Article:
Using Fundraising Software for NonprofitsFundraising is vital for nonprofits, and to manage it effectively you have to have the right fundraising software. This isn’t just internal accounting software (which you certainly need) but software that lets you set up, promote, and run your campaign online.Crowdfunding has become a popular term for online fundraising, but it really is just making use of social media and the ease of online communication to do what nonprofits have always done — raise money to fund projects by soliciting donations from a lot of people. There is a lot of information in our blog and on our website about why funding websites are so important to getting the charity donations that keep your organization running. We won’t repeat them here, but when you are looking for the right software for your organization, here are some of the key considerations when selecting your fundraising software to design the most effective donations website.Include Your BrandingYour donations website must be able to display your branding, so donors have the confidence that they are still within your site, and it’s clear that they haven’t been misdirected by a scammer’s link. Your branding includes your logo, your colors, and your themes. The software that runs your donations website should allow you to include all of those things on the page.Make Amounts CustomizableIt’s nice to have some preset donation amounts, and your organization probably has some statistics on what works best for inspiring your donors. Donors may tend to select the middle amount of three options or lean toward the highest or lowest. Knowing what your supporters have done in the past should be considered in determining what values to include as presets. Make it easy for donors to choose the amount they want to give, and if you use presets be sure to include an “other” option as well.You may reach a significant number of people who want to give but either can’t afford your suggested amounts or who come to your page with a higher amount in mind. You certainly don’t want to put a limit on more affluent donors or turn away those who can only give a smaller amount, so make sure your software doesn’t restrict giving only to your suggested figures.Link to Social MediaOne of the biggest benefits of online fundraising is the ease with which your message can be passed along to others, and the simplest way to get people to do that is to include social media icons that can be clicked to share your posts. Make sure your software allows you to place them on your donations page so that donors can invite their networks to participate.These are three of the biggest things to look for, and make use of, in fundraising software. We offer more information on the details in our blog. Feel free to check out the rest of the website and look into DonateNow and GiveCorps, our own fundraising software options, or call us at 1-888-284-7978 x1.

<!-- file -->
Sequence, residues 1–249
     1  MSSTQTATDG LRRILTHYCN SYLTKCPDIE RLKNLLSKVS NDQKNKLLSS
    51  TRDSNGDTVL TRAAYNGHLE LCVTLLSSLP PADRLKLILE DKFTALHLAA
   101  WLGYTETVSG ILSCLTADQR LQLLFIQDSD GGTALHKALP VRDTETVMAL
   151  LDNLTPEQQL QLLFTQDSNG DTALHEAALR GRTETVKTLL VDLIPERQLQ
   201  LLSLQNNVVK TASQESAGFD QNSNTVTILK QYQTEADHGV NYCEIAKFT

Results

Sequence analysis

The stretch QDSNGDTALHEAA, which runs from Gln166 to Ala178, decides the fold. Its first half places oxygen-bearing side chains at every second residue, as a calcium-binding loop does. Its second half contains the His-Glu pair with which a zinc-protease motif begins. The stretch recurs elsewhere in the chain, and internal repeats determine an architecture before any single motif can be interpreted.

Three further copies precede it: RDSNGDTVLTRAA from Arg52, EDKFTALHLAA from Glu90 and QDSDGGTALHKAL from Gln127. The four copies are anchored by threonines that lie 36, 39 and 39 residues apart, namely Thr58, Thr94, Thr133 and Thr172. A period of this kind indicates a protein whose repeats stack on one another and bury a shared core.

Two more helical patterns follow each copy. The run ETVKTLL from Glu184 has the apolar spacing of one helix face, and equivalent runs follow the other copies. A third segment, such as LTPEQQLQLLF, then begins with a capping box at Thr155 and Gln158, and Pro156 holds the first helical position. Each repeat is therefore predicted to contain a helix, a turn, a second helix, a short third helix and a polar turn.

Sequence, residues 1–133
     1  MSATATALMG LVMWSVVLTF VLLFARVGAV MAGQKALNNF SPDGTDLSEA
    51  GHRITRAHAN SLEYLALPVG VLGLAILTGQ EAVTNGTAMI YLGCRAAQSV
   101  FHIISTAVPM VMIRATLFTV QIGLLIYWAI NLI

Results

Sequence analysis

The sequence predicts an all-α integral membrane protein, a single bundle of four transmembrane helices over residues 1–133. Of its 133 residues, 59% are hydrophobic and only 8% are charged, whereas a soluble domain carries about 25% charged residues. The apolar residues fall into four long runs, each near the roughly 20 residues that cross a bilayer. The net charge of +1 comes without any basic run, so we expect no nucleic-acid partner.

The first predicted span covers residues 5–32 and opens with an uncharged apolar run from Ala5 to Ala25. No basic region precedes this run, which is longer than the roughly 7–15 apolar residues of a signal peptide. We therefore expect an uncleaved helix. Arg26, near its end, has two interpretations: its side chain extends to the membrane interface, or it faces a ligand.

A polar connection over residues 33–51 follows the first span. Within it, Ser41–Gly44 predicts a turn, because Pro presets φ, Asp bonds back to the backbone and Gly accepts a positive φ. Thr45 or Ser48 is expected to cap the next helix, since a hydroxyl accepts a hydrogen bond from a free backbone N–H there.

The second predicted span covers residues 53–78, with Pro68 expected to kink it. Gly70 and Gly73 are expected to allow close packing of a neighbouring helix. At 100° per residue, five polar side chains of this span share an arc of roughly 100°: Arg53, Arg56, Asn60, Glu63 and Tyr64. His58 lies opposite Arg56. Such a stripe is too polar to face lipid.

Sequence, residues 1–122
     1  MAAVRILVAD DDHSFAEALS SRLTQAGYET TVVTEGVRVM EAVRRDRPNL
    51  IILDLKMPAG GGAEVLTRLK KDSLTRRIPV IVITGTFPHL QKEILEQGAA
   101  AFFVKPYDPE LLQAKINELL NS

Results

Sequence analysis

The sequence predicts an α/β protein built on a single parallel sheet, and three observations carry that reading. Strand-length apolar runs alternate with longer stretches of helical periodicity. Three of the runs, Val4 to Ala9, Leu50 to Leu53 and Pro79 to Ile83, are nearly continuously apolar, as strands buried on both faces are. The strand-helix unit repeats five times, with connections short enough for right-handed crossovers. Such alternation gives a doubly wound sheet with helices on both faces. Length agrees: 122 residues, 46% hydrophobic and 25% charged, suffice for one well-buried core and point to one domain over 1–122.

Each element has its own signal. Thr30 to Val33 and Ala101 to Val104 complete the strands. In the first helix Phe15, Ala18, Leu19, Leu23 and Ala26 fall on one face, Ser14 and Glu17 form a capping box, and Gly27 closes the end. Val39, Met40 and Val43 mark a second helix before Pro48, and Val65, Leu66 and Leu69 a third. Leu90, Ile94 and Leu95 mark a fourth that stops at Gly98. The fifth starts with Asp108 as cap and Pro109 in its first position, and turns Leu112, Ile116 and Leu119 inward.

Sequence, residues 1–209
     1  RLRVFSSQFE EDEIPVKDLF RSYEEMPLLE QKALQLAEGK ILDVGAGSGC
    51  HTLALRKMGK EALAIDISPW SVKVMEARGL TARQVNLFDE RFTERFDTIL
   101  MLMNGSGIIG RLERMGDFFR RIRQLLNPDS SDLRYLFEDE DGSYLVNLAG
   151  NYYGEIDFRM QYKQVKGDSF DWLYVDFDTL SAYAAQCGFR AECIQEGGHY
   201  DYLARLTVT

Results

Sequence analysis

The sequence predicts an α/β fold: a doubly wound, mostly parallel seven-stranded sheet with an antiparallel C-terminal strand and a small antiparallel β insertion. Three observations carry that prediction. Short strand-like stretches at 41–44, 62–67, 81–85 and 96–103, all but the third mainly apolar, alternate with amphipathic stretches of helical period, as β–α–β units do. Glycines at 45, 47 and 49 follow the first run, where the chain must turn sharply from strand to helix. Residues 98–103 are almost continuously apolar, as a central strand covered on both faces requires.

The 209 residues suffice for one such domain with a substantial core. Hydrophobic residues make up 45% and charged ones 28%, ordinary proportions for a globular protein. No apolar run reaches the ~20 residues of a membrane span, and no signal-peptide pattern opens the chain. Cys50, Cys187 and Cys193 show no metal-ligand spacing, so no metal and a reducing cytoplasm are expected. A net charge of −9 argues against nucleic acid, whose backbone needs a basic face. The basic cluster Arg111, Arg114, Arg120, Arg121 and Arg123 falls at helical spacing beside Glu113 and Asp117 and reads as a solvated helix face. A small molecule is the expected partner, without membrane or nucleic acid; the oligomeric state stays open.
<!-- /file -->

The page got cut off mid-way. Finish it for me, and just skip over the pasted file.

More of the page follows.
The Power of the Peer-to-Peer Fundraising ToolsWhile nonprofit fundraisers might argue that online giving is the current hot trend, if you look closely at what’s having the greatest influence, it’s the emergence of peer-to-peer fundraising tools. These platforms make it easy to find and give to causes or individuals who may be several degrees removed from an organization and its work. Peer-to-peer fundraising embraces your supporter base as your strongest fundraisers: Instead of asking for donations from just them, you are empowering them to fundraise for your cause through their networks.One organization that has had particular success in the peer-to-peer fundraising space is Liberty in North Korea (LiNK), a California-based organization focused on helping resettle North Korean refugees. As reported in Philanthropy News Digest, on Giving Tuesday 2014, LiNK decided it would empower its base as fundraisers rather than sending out a mass appeal to its donor base. The night before Giving Tuesday, LiNK sent out a different kind of appeal—one that equipped its base with the tools, sample emails, and collateral materials to turn them into fundraisers. LiNK raised $12,000 from its network that day, but instead of fixating on how much money was raised, the group focused on all the new donors people brought in and exposed to its work.“It’s no surprise that people are more likely to donate to people they know who support a cause rather than donating directly to the organization.”By tapping into your existing supporters networks like LiNK did, you unlock the potential to spread your mission and find new donors. And the potential is high: According to the 2013 Millennial Impact Report, nearly 70% of Millennials are willing to raise money on behalf of a nonprofit they care about.It’s no surprise that people are more likely to donate to people they know who support a cause rather than donating directly to the organization. They are motivated to support their friends and family—the people with whom they have connections—rather than a brand.Network for Good’s peer fundraising platform provides tools that make peer-to-peer fundraising and project-based fundraising easy. Project-based fundraisers define their goals as an item, supply, or other tangible need. Goals could be anything from new soccer uniforms to funding for a school trip. Whatever the need, once it is identified, donors know exactly where their money is going. These campaigns then utilize the power of crowdfunding to collect donations, and nonprofits can chart their success in real time.Of course, you can’t talk about the power of peer-to-peer fundraising without mentioning the ALS Ice Bucket Challenge, which swept the nation and the world in the summer of 2014.The idea of dumping cold water on one’s head to support ALS didn’t originate in the association’s national office, but among a group of friends who started the challenge to help their friend who was battling the disease. The campaign took off and became a viral sensation. The grassroots origins and selfie-friendly technology added to its appeal, making it something regular people could do to make a difference. Hashtagged #IceBucketChallenge, the stunt was all about challenging friends and inspiring people with ALS—and not at all about the ALS Association.Adapted from Network for Good’s eBook “The Millennial Donor Playbook,” by Kari Saratovsky, Chief Engagement Officer at Third Plateau Social Impact Strategies